As the American President, on May 9, 1914, President Woodrow Wilson made an official announcement proclaiming Mother's Day as a national holiday that was to be held each year on the 2nd Sunday of May.
The tradition of giving a Mother's Day Proclamation continues to this day with each President of the United States doing so every year. Below, please find this year's presidential proclamation, in which President Obama urges all Americans to express love and gratitude to mothers everywhere. ceremonies, and activities.
Remember, "If you're driving, don’t drink. And if you're drinking, don’t drive.”
Every March, we celebrate Women's History Month, an annual declared month in the United States and worldwide that highlights contributions of women to events in history.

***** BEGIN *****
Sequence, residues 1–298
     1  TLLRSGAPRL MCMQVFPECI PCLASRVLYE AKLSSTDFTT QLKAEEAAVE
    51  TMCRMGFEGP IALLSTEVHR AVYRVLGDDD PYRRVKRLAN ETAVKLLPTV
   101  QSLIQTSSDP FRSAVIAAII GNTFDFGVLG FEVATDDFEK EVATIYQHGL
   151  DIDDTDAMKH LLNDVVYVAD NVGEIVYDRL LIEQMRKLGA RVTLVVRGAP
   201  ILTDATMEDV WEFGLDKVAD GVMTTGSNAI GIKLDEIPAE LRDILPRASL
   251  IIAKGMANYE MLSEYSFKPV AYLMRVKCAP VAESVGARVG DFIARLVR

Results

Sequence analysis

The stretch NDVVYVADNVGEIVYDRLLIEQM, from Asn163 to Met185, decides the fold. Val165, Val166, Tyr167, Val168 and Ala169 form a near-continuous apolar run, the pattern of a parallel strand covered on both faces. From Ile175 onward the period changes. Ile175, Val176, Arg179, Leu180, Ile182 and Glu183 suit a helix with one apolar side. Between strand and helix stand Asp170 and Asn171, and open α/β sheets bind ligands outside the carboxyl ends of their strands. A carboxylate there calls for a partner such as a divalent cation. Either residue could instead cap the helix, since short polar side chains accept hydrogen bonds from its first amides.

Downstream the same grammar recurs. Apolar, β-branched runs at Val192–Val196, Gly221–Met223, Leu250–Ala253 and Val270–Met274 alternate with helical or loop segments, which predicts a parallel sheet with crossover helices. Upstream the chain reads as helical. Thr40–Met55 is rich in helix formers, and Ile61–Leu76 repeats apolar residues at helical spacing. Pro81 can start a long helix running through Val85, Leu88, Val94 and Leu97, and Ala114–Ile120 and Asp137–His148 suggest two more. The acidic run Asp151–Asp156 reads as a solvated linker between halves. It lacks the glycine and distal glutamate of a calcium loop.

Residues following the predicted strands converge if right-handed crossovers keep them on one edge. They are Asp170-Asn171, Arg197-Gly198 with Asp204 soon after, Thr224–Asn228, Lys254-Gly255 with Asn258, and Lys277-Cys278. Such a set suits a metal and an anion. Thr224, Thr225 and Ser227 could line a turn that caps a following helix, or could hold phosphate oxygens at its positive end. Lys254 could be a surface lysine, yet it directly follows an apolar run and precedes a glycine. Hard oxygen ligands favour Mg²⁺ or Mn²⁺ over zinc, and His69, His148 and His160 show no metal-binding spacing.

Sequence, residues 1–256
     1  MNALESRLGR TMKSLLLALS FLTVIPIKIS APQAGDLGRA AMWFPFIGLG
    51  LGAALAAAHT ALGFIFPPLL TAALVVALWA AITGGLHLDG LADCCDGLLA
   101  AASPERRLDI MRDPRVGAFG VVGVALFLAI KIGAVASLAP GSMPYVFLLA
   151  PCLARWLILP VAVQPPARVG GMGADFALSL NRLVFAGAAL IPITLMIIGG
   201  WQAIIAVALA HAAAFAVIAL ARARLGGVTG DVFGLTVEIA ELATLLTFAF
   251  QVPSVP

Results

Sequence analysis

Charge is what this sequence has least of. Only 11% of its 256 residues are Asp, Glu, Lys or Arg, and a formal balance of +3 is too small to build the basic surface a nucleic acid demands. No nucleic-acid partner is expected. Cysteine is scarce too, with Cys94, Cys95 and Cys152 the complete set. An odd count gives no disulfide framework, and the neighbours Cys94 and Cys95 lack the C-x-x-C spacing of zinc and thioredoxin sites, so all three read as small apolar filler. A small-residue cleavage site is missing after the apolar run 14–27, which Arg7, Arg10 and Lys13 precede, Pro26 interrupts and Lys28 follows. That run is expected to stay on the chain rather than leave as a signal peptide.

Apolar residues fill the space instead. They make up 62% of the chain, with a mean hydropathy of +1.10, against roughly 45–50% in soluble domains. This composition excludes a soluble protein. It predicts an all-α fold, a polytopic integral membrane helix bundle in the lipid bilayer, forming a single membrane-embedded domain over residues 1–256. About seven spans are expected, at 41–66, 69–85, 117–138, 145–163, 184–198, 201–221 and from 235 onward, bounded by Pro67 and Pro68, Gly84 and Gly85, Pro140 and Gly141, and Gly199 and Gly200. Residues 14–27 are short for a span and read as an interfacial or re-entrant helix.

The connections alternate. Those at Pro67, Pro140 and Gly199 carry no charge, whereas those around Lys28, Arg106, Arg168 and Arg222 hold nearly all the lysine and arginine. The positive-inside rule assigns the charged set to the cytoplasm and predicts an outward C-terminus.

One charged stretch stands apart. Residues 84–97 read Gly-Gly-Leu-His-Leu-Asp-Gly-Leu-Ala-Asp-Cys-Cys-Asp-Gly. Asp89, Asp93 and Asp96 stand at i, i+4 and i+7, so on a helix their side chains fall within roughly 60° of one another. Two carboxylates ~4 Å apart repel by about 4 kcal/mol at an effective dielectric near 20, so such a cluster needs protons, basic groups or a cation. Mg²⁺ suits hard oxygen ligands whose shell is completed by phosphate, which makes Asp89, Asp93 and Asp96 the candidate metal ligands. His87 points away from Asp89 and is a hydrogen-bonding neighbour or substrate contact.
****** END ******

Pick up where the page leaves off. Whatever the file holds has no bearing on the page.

Its origins are found in 1978 when the school district of Sonoma, California, participated in Women's History Week, a weeklong celebration designed around International Women's Day.
In 1987, Congress expanded the celebration when March was declared Women's History Month. Its official centennial was celebrated in 2011. Find out more about Women’s History Month here at the official site.
March 3rd marked 100 years since suffragists marched on Washington. Suffragists faced a difficult road in their march towards equality. Even women opposed giving women the right to vote. One letter called it "an endorsement of nagging as a national policy." The "National Policy of Nagging" Pinterest board, created by the National Archives, honors this anniversary.